Mitigating controls are the key to reducing threats and vulnerabilities. That statement is the ultimate fundamental premise for designing, implementing and maintaining a risk management strategy. Where does one find the proper mitigating controls for use in the organization‘s risk management strategy? For information security management systems, the mitigating controls can be found within international standards, such as ISO/IEC 27001:2013. The security controls outlined in these standards define and suggest measures to take in order to reduce risk to an organization’s assets. We have a very popular article that describes the use of mitigating controls in order to reduce the risks derived from the relationships of threats to assets.
The PCI standards experts who have stumbled upon this article probably won‘t view the information as new and insightful, but you are welcome to leave us with some additional wisdom of your own. The article is intended for risk managers and risk analysts beginning to work with the Payment Card Industry Data Security Standard (PCI DSS) and may have been utilizing other standards and controls for risk management.
We have already discussed the compatibility of implementing the PCI DSS and the ISO 27001 standards simultaneously. Hopefully we can continue to emphasize the connections between the standards and the shared work that is required by each, but only needs to be completed once by the risk management team in order to pass the certifications for both.
To start with there is a difference between the PCI DSS and ISO 27001, as the latter is designed for information security management systems and is an optional international standard. The former is a requirement for any organization that stores, processes, or transmits cardholder data, including merchants, service providers, acquirers (merchant banks) and issuers. The mitigating controls requirements from the PCI DSS have some specifics defined in terms of protecting customer data (requirements 1, 2, 3, 4, 10, & 11); however, the remaining requirements (5, 6, 7, 8, 9, & 12) are all foundations of Security and directly coincide with other security standards.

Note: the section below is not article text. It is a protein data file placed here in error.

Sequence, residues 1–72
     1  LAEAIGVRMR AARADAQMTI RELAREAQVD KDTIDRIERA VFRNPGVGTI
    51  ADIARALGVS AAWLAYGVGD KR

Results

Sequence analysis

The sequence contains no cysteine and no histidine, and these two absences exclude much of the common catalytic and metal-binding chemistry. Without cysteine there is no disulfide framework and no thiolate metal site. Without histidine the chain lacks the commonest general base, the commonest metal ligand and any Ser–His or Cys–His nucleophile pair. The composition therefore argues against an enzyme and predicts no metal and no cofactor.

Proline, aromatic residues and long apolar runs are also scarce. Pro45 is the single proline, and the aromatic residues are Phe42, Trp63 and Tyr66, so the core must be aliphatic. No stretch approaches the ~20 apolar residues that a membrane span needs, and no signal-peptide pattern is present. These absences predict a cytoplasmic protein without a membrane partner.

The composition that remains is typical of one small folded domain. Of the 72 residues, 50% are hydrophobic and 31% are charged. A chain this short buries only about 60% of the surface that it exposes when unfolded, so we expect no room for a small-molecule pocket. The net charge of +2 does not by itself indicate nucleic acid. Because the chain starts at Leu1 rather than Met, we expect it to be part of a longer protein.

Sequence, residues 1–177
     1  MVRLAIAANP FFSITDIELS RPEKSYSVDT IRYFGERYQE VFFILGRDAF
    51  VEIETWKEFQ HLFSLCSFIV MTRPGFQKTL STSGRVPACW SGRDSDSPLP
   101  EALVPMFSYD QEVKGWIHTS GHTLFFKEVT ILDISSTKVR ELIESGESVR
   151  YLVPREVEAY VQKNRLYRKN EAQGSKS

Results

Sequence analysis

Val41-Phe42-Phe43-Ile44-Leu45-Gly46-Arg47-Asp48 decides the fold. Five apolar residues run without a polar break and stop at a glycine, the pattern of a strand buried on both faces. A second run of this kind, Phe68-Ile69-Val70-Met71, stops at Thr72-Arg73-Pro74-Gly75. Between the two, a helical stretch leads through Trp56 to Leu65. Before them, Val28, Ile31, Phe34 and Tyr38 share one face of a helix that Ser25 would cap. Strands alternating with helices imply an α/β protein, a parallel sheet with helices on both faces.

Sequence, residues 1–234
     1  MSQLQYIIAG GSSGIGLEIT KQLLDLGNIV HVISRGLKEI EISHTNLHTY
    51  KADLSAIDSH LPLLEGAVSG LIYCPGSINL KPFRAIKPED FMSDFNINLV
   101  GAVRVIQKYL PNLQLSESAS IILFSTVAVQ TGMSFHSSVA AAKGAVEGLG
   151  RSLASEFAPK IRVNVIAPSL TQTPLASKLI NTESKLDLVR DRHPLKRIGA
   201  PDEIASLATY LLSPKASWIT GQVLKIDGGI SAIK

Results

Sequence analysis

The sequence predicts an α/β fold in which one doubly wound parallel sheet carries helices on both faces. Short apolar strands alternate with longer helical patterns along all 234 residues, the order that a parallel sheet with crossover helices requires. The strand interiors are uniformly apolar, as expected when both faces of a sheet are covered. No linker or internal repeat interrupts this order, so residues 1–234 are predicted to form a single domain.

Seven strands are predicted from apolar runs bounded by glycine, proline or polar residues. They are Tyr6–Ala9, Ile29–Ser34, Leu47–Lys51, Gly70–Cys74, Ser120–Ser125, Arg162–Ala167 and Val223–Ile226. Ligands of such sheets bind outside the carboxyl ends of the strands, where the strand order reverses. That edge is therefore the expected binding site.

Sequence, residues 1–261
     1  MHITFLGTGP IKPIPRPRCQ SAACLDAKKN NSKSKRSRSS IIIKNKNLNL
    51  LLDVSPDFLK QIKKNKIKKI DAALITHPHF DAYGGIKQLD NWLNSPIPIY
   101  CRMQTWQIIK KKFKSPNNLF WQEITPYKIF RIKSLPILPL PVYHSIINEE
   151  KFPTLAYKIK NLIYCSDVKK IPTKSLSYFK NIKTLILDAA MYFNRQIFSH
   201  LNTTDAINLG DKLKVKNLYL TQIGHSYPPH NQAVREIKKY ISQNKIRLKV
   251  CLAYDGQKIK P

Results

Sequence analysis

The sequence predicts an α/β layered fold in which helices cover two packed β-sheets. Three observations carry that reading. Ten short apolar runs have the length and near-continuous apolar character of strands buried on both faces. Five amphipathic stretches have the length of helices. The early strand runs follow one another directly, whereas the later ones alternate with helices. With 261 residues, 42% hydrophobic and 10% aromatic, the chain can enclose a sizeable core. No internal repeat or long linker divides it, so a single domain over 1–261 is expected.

Due to the nature of the requirements for the PCI DSS, which include a vast amount of testing and verification procedures, as well as the frequent use of third-parties for testing and processing data, the control implementation strategy is more comprehensive than the ISO 27001. The nearly 300 controls are comprised of the Testing Procedures and Implementation Guidelines necessary to complete the requirements are a daunting task for even the most efficient and effective risk managers to maintain and organize.
When defining the scope of the PCI DSS strategy, you have to consider the cardholder data environment (CDE) or simply all IT equipment and systems possibly connected to the data. The standard doesn’t require the isolation of the CDE, so the entire infrastructure may be included. Network segmentation of the CDE from the entity’s network isn’t required, however it is strongly recommended as a best practice to reduce the scope, cost, difficulty of implementing and maintaining controls, and risk to the organization. Another best practice is to use a “Business-as-usual” approach to implementing controls and processes, allowing the organization to monitor the effectiveness of the security controls on an ongoing basis. The principal is to maintain the PCI DSS environment, while improving the compliance between assessments.
Other key recommendations for maintaining a compliant environment while improving control implementation happen to be fundamentals of the ISO 27001 standard that include:
Compensating controls may be considered for most PCI DSS requirements when an entity cannot meet a requirement explicitly as stated, due to legitimate technical or documented business constraints, but has sufficiently mitigated the risk associated with the requirement through implementation of other, or compensating, controls.
Compensating controls must satisfy the following criteria:
On an annual basis, any compensating controls must be documented, reviewed and validated by the assessor and included with the Report on Compliance submission, per Appendix B: Compensating Controls and Appendix C: Compensating Controls Worksheet.
The process can intimidate initially, but the proper management of time and resources makes the effort worth it, especially if you are required to do so. We intend for this article to help shed some light on the similarities between the standards.
The ability to execute a strategy that streamlines your risk management process and aids you in the controls implementation is the design of the Risk Management Studio application. We have mapped the controls of the ISO 27001:2013 and the PCI DSS, making your job much easier. The risk management tool outlines the process for you and allows for a rapid deployment, but also provides numerous customization features for you to adapt to your specific risk management needs. For more information visit our RM Studio website, feel free to contact our customer support department at firstname.lastname@example.org.